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At this point automation kicks in and our virtual data center is created.  Once it’s complete we can see that a number of components will be created and configured by default for us.  Selecting our VDC from the left hand menu and clicking on the ‘Networks’ tab we can see a number of these pre-configured items such as our public gateway IP address, the default gateway IP for our internal network, as well as the IP range that will be handed out to VMs within our VDC.  We can also create new networks from directly within the vCloud Air UI, however if you need to delve a little deeper into the services offered you can do so by using the ‘Manage in vCloud Director’ link in the top right hand corner.  This will open an already authenticated vCloud Director session where you can manage your networks and add services such as DHCP, load balancing, etc. Essentially all of the functionality that you would normally have when running a full instance of vCD.

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In order to create firewall rules, nat rules, and assign an accessible public IP to our gateway we need to select our default gateway under the ‘Gateways’ tab.  Again, we can break out into a vCloud Director window here as well.   We will come back to this section in part 2 of this series to connect our VM to the internet and grant ssh access but for now its just good to know where this information is located.

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Speaking of VMs let’s get on with the show here and get our first VM created.  This is done on the ‘Virtual Machines’ tab (Use the giant “Create your first virtual machine” button).  When creating a VM you can select from the catalog which has been provided by VMware, or by creating a catalog, uploading and ISO and creating your VM from scratch.  For the sake of this evaluation I just used the 32 bit Ubuntu server provided by VMware.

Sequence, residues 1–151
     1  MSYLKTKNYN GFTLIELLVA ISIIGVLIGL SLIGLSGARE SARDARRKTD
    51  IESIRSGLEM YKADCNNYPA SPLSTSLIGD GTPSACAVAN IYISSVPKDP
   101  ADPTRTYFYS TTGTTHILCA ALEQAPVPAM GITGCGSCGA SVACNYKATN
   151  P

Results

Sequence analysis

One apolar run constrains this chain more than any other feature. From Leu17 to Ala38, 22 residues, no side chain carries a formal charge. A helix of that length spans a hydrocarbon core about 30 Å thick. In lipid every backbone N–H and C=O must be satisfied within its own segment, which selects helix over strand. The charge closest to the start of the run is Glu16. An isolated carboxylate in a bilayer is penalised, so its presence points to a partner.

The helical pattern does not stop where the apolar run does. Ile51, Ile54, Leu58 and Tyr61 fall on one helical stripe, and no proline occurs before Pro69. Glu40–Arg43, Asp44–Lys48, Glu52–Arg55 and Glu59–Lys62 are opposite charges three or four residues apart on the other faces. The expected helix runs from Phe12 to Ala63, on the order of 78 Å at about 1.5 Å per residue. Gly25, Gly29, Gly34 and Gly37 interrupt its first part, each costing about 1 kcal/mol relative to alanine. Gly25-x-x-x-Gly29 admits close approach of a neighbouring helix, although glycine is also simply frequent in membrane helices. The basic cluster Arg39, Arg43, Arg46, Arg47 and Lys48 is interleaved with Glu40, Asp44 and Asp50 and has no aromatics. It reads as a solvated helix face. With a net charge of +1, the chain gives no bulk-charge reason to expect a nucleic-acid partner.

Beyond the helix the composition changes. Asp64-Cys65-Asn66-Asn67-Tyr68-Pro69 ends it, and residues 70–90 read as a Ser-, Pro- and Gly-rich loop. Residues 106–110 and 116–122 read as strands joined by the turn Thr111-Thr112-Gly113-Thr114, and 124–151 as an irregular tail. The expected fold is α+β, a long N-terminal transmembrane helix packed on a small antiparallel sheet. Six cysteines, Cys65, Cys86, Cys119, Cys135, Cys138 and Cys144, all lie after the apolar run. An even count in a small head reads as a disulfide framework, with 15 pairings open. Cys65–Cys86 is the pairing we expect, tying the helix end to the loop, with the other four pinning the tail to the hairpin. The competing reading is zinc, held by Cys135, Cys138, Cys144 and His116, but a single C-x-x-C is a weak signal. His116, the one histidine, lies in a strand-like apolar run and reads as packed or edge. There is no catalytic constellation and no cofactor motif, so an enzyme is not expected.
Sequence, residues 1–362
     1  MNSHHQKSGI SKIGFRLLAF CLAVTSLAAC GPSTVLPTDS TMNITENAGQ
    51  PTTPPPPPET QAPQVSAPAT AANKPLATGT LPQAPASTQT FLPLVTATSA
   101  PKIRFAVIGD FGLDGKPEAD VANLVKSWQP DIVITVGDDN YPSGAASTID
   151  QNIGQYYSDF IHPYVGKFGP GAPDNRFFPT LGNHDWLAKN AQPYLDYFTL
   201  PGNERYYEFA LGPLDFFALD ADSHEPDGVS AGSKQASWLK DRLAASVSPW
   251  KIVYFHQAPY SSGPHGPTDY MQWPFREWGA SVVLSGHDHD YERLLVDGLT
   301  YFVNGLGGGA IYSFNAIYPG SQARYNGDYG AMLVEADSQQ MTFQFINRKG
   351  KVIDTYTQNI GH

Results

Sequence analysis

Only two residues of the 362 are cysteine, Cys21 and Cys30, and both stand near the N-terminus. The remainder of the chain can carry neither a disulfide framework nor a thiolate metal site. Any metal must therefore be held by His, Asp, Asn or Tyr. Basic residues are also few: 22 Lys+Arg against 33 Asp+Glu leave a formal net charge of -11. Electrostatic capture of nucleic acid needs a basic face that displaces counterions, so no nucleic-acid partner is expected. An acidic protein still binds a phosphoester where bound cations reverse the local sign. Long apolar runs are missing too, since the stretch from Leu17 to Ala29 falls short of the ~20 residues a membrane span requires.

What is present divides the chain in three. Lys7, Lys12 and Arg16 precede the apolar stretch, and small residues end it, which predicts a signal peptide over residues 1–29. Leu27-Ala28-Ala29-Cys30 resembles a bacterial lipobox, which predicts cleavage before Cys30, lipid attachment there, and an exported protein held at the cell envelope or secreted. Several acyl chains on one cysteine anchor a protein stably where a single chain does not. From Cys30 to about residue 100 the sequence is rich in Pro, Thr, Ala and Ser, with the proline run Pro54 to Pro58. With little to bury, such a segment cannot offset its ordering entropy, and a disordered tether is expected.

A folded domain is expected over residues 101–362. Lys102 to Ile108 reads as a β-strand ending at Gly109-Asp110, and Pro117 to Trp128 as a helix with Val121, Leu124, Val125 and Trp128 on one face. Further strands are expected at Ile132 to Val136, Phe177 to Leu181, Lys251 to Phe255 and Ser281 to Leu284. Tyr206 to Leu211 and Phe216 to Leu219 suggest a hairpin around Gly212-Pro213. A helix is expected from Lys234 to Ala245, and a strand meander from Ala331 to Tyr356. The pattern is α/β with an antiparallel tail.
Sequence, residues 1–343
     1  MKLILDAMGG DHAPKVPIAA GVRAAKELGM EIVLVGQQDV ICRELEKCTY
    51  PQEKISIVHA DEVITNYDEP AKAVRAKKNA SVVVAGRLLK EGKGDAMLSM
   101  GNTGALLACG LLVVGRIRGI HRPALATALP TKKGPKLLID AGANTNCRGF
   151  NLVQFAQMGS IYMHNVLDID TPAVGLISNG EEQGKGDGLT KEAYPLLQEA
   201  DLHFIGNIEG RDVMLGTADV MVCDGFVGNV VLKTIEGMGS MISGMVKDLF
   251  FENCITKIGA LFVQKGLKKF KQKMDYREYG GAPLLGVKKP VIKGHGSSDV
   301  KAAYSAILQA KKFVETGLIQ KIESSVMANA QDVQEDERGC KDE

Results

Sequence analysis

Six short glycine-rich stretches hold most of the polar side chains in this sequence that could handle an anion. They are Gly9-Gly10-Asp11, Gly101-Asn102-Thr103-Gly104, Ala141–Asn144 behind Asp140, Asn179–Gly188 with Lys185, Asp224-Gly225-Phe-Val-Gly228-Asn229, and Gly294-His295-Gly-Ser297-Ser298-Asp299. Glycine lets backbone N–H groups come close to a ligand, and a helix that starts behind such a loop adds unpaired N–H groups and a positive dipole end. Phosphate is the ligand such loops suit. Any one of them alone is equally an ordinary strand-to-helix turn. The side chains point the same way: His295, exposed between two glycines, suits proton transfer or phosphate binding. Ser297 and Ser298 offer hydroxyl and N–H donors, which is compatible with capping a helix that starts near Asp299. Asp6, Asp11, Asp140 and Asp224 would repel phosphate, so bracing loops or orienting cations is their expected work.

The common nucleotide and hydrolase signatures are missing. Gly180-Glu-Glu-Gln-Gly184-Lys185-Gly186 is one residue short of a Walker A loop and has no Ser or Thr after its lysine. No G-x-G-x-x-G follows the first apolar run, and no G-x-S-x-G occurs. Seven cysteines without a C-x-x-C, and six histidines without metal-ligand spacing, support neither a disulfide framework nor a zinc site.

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After selecting your VM from the catalog you can then name it and customize the cpu/memory/storage to your choosing.  vCloud Air will default these settings to their preferred amounts but you can change them using their respective sliders.  What’s nice about his screen is that you can see how s simple CPU, RAM and Storage change can affect your price per hour.  In my case, this Ubuntu VM with 1 CPU, 2GB RAM and 10 GB of accelerated storage is a mere 5 cents/hour – not bad

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Once the VM has been created it should now be listed under the Virtual Machines tab.  Right-clicking the VM will bring up a context menu showing all the actions available, including power options, console access, snapshotting, etc..

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Clicking on the VMs name within our list will also bring us into more details in regards to that VM.  The ‘Resource Usage’ tab showing estimated costs, ‘Settings’ tab showing various configurable items, and the ‘Networks’ tab showing the networking information for the VM.  As shown below we can see that our new Ubuntu VM has claimed the first address within our IP pool – 192.168.109.2.

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Another important note about the ‘Settings’ tab is the ‘Guest OS Password’ section.   In order to login to our newly created VM we will need the root password.  This can be revealed by clicking ‘show initial password’.  By default, all the VMs from the default catalog provided by vCloud Air will prompt you to change the default password after first login.  Let’s make note of this password and go ahead and open a console to change it.

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As we can see below the console provided by the vCloud Air UI is pretty barebones – allowing us to simply provide input to the VM and a button to send CTRL+ALT+DEL to the VM.  I found this a little frustrating at times, especially since I was using a Linux VM.  There were times where I had to direct a CTRL+C command to the VM but had no way of doing so, instead I had to proceed with a complete reboot of the VM.  An on-screen keyboard may be a better solution here.

keyboard